• Tasia July 13, 2015 at 2:32 pm #

      I love that – relentlessly positive! I’m going to file that away as a good thing. :)
      It’s OK for a project to get you down. We all have those projects that don’t look as amazing as we hoped, or a fabric that wouldn’t cooperate. Think of each project as a chance to practice and learn – some work out, some don’t, but it’s all a journey towards advancing your skills and getting closer to sewing items you love.

  7. Casey July 13, 2015 at 1:28 pm #

    I hate doing admin tasks and tend to put them off – I’ll have to give this method a shot instead – thanks for sharing :)

    • Tasia July 13, 2015 at 2:31 pm #

      I know right? Today’s Admin Monday and I have spent most of the day dealing with accounting, taxes and filing. Boring stuff but essential to complete! I also have the ‘reward’ of more interesting tasks for the rest of the week, so it’s an incentive to finish the dry stuff quickly.

  8. Maria July 14, 2015 at 12:57 am #

    Hi Tasia,
    This is totally off the point, but I love the illustration/ painting featured in this post, the cotton reels. Did you create this yourself ? I am trying to source a gift for a very special “sewist” and this would be ideal.

    • Tasia July 14, 2015 at 8:31 am #

      Isn’t it pretty? It’s a watercolour painting my dad did for me, as a Christmas gift last year. I thought it was a lovely gift as well! It’s one of a kind but you may be able to find sewing themed illustrations and paintings on Etsy, that would be my first place to look.

  9. Joy July 14, 2015 at 9:21 am #

    The apple does not fall from the tree, your Dad’s artistry has surely had an influence on your creativity. Simply beautiful watercolour! I also agree with the compliment of ‘relentlessly positive’. Your posts have definitely inspired me to keep sewing when projects go awry. We all need creative influence, or just a nudge to keep going. It’s inside us all. Thanks Tasia.

  10. Karen July 19, 2015 at 3:04 am #

    I read the original post and immediately made a schedule for my week. The great thing has been that allocating a specific day for each of the different crafts I do, sewing, crochet, lace making, jewellery making, weaving, as well as the boring administration and research has really improved my output. I now have time to spend on all the projects, many of which had been sidelined as I got involved in one specific thing, and the items which have been sitting there undone are getting their weekly time allowance as well. Thanks so much for this hint, it is really working for me (again with some flexibility built in).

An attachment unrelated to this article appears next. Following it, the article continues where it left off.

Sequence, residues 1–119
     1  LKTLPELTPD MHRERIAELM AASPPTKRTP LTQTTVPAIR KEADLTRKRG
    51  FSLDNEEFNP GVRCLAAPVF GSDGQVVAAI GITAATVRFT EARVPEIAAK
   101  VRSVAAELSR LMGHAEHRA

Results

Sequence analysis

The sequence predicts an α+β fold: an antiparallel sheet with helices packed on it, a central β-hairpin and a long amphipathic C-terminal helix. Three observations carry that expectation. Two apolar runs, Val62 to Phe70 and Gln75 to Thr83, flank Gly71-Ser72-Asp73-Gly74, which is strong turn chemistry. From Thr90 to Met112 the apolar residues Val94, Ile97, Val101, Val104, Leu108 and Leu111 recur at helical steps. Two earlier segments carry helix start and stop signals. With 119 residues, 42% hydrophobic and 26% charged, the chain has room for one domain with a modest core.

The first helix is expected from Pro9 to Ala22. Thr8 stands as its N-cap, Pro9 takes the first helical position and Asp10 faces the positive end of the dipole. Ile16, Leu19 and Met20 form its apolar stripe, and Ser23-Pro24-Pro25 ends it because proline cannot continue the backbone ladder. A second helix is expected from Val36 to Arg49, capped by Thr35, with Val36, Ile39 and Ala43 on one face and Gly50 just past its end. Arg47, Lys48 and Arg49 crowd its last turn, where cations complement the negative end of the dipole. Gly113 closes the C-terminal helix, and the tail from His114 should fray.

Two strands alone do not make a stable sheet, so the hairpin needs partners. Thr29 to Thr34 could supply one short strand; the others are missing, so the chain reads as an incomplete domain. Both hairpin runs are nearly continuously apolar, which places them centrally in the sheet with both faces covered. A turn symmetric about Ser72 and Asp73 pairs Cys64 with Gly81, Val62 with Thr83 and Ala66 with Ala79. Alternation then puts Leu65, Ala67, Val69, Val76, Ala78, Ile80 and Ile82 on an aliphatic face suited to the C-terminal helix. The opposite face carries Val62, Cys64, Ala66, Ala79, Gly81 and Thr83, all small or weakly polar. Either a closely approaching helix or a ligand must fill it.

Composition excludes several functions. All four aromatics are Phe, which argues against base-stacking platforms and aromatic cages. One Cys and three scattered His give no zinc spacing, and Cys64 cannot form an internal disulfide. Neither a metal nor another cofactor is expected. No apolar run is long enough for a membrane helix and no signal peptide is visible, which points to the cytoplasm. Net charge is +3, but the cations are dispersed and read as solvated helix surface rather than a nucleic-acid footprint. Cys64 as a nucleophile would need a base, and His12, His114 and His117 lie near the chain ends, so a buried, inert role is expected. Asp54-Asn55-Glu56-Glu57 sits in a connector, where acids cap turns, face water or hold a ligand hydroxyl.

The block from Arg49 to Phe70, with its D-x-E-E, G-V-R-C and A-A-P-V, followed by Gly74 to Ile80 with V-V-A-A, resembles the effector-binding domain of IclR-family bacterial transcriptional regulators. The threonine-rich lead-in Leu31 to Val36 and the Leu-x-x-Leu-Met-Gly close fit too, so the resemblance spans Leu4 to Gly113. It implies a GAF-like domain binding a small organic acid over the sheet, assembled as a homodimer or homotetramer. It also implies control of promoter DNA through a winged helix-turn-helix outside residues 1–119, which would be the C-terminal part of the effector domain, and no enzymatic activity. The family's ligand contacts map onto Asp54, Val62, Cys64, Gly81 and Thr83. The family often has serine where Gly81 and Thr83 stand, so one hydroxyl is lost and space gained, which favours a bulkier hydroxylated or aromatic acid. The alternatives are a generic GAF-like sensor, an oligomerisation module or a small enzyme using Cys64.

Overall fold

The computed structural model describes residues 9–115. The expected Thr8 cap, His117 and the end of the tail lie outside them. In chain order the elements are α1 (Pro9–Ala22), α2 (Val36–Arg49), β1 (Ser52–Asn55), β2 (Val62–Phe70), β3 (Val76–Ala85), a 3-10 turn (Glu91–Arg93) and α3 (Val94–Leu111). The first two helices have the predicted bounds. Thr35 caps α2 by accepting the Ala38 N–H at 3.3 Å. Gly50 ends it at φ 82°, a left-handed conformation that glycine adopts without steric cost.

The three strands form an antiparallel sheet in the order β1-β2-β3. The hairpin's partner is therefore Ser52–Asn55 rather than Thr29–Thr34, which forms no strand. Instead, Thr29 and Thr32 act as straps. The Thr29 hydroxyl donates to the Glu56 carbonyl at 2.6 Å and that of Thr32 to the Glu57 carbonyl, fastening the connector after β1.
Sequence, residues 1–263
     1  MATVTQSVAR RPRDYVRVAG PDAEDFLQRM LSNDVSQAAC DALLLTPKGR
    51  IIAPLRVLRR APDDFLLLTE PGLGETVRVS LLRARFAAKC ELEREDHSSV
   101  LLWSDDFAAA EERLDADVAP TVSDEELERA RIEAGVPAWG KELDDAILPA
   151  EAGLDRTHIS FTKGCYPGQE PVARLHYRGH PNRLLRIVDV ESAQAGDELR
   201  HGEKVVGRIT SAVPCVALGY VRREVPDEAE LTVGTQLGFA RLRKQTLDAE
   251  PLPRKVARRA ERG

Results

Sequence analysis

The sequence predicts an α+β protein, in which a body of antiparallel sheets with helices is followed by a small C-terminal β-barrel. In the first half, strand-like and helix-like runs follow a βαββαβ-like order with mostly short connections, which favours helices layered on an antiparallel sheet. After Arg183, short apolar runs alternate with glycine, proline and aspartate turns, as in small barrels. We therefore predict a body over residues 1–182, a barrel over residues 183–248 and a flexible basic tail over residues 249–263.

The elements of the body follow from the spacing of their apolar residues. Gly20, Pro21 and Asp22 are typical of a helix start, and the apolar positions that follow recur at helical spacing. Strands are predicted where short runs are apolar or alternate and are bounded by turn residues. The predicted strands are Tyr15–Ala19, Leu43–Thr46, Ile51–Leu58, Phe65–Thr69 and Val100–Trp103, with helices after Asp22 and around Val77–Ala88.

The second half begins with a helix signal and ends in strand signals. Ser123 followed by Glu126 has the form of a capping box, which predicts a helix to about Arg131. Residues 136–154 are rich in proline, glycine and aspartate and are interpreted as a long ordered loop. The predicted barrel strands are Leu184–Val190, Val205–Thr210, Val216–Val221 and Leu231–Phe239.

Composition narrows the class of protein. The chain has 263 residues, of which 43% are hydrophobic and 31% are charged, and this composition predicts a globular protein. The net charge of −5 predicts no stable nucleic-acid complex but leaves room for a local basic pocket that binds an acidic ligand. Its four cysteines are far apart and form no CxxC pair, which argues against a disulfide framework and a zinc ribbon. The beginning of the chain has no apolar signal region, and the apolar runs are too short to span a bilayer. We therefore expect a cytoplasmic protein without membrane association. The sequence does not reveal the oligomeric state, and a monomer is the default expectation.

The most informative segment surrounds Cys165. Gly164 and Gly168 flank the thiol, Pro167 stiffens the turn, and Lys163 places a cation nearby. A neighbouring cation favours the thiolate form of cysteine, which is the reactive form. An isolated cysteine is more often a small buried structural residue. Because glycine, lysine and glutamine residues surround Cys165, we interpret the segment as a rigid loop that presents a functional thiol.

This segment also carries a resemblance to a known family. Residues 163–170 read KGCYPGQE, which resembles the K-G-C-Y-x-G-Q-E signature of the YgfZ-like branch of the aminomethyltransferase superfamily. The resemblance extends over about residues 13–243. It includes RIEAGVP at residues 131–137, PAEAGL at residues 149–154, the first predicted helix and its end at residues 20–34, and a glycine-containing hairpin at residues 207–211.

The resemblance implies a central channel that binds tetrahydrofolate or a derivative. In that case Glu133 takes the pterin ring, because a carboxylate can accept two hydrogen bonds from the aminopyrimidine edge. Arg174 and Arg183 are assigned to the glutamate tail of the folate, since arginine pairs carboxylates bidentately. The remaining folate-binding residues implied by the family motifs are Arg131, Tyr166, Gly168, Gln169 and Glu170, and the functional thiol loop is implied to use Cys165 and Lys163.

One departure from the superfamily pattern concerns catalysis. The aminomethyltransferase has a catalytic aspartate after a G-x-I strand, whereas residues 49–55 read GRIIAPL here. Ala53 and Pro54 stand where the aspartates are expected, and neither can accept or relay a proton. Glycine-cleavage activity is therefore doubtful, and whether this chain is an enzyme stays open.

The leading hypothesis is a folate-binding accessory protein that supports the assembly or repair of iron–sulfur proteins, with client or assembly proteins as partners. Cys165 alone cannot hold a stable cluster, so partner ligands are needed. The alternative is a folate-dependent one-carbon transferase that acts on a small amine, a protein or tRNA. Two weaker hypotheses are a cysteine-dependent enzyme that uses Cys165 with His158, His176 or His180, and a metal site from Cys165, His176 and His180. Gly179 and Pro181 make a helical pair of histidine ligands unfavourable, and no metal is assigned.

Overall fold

11. Beth Dishong September 3, 2015 at 10:06 pm #

    Tania, I absolutely love your blog. I have been preparing everything I need to get my own started. Sewing is my specialty from very small useful items like pincushions, wallets, eyeglass cases, to much larger items like weekender bags, purses. I also make clothes from ready made patterns with lots of alterations. I have wanted to do this for so long that I can’t wait to get everything finalized so I can start. I have been doing a marathon session of reading your past blogs and have learned so much. I can see why you have such a successful blog and pattern business. I do have a question however about your Creative Time Planning for Small Business. I know that you do everything blogging on Wednesday,do you know ahead of that day what blog you will be writing and do you write and post on the same day? Also, on the average how much time does it take you to write and post usually. I almost forgot to ask do you take the photos for your blog on the day your posting it or before that day. I hope I haven’t asked too much but, you do an awesome job and I would love to have info from the best. Thank you so much Tania and good luck always.

    • Tasia September 8, 2015 at 10:37 am #

      I’m so glad you enjoy reading the blog!
      To answer your questions: I usually have a list of blog posts I’m working on, plus a notebook of ideas and notes I’d written while sewing. So when Wednesday comes around, I have plenty to work on!
      I never write and post on the same day. I’ll write and schedule posts for later.
      I have no idea how long it takes to write a blog post, as I don’t keep track. Longer than you’d expect if you count photo editing and uploading images.
      I take photos when the weather is nice, so usually, not the same day as when I’m putting the blog post together. It rains a lot here so I’m often waiting for a clear day to get photos!